SummaryFirms in a perfectly competitive market may encounter some problems that can decrease their competitiveness and may even force them out of the market. The way they deal with problems will determine whether they can stay in the market. In this Learning Path we learn about these problems, how firms’ cost structures change, and how an equilibrium is reached in the market.
Comparative statics is a method used to analyse the result of changes in a model’s exogenous parameters by comparing the resulting equilibrium to the original one. However, this analysing method limits itself to comparing equilibriums, not analysing the reasons for the new equilibrium or the adjustment process. The use of comparative statics is of special interest for microeconomics when studying changes in demand and supply of a single market or a firm’s cost variation. It can also be used for macroeconomic purposes when studying changes in monetary or fiscal policies.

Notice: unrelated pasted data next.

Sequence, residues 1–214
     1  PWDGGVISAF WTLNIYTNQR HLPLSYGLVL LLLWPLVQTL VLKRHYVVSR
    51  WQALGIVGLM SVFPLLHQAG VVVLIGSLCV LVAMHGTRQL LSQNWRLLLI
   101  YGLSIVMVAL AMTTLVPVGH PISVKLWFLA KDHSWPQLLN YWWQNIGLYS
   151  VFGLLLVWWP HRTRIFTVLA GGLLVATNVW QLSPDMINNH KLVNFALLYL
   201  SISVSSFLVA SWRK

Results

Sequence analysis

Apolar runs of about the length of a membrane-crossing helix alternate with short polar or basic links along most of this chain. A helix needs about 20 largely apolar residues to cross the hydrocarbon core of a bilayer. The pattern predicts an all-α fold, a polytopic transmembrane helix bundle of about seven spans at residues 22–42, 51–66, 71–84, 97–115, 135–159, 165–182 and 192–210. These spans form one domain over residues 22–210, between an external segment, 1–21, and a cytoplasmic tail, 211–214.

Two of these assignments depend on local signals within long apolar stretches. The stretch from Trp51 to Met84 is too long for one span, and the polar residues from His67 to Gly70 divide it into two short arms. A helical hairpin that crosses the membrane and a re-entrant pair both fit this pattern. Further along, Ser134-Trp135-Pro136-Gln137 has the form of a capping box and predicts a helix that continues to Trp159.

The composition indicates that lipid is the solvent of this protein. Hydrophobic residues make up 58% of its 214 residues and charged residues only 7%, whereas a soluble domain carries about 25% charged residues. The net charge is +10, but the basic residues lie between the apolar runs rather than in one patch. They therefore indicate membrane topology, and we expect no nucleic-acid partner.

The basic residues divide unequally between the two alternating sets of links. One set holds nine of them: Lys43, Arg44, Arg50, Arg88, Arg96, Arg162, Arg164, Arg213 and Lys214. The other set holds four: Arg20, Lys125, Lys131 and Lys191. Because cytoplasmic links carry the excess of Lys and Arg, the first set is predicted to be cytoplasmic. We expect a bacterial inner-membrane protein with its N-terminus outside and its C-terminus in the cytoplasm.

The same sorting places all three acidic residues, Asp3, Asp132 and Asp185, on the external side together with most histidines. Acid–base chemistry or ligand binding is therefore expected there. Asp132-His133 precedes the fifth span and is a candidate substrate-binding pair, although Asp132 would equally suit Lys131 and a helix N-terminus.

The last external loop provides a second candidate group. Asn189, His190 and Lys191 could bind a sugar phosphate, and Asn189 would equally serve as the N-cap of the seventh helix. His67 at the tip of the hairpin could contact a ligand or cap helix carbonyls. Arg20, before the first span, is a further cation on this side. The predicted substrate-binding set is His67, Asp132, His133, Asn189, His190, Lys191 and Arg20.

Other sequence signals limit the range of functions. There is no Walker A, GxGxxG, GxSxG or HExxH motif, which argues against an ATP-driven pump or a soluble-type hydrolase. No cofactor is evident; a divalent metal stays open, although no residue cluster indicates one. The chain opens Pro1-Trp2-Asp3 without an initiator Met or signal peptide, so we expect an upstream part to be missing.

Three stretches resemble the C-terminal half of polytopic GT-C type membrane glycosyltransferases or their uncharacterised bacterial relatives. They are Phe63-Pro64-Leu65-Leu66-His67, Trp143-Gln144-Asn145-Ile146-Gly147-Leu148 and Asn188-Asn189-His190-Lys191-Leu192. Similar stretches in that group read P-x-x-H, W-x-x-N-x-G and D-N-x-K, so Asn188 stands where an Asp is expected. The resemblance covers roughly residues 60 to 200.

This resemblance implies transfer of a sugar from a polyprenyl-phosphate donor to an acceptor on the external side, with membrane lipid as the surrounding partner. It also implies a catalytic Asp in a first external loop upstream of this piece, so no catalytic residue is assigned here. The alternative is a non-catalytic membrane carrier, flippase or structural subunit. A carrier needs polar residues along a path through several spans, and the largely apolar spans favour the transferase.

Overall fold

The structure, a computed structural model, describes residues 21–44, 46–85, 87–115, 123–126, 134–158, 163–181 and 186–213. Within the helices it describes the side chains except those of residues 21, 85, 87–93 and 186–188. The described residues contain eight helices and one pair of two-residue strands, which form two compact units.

The use of comparative statics is as old as economics, and can be traced back to David Hume in 1752, when he studied how the increases in the stock of gold affected the prices in the economy. However, its use was formalized in the 20th century by John Hicks in his book “Value and Capital”, 1939, and Paul Samuelson in his book “Foundations of Economic Analysis”, 1947.